A Macedonian national has been sentenced to serve three years in federal prison for kidnapping his two daughters and taking them halfway across the globe to thwart a court order that granted custody of the children to his ex-wife.

During a sentencing hearing Monday, U.S. District Judge Tena Campbell found there was evidence that Vojko Rizvanovic planned to take the children out of the country in advance and did so to obstruct justice, namely a court order telling him not to take his 2- and 4-year-old daughters out of the state.

A federal jury last May found Rizvanovic guilty of international parental kidnapping but acquitted him on two counts of making false statements on passport applications.

Rizvanovic is accused of fleeing the country in February 2002 with his two daughters after a Utah juvenile judge ordered custody to their mother, Sabira Ahmic. Federal prosecutors say Rizvanovic waited until a judge awarded him overnight visitation. That is when he packed their bags and headed to the Salt Lake International Airport.

Prosecutors say Rizvanovic had applied in advance for new passports, saying on the application that the old ones had been lost when in fact the girls' mother had them. Rizvanovic's attorney argued that the same application had the mother's signature, which was in dispute at trial.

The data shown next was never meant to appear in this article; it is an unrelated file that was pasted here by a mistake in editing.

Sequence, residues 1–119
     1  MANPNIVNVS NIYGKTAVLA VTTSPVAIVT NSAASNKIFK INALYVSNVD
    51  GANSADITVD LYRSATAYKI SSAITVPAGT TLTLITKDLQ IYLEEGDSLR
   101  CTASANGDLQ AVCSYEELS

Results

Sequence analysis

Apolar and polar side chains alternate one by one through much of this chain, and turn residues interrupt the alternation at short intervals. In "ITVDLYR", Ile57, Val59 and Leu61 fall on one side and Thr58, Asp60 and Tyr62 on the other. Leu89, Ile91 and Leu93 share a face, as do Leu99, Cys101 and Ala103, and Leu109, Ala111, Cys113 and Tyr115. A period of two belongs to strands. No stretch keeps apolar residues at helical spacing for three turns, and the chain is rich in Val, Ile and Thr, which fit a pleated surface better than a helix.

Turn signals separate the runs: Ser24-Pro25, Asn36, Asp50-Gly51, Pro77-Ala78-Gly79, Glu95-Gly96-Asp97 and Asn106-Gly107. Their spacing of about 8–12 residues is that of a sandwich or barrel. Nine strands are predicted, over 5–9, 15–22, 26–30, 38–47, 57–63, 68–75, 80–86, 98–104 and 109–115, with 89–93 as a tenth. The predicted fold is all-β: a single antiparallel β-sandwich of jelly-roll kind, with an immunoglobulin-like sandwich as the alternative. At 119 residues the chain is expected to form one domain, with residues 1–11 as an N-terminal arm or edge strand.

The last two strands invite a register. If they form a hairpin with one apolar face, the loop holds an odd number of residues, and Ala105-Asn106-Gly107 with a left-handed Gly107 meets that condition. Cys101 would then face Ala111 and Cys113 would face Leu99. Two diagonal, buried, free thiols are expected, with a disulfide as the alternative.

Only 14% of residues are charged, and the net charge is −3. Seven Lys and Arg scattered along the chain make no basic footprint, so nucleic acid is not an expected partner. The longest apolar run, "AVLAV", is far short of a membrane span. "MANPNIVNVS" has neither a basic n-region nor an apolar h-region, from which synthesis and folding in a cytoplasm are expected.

Rizvanovic flew to Australia, where he stayed with relatives and then hopped on a flight bound for Macedonia, where his mother lives.

The flight had layovers in Kuala Lumpur, Malaysia and Vienna, Austria. By the time Rizvanovic and his daughters reached Vienna, an international warrant for his arrest had been issued and Austrian authorities took him into custody. The girls were then returned to their mother and Rizvanovic was brought back to the United States to face the charges.

The three-year sentence was the maximum sentence Rizvanovic could receive under the law.


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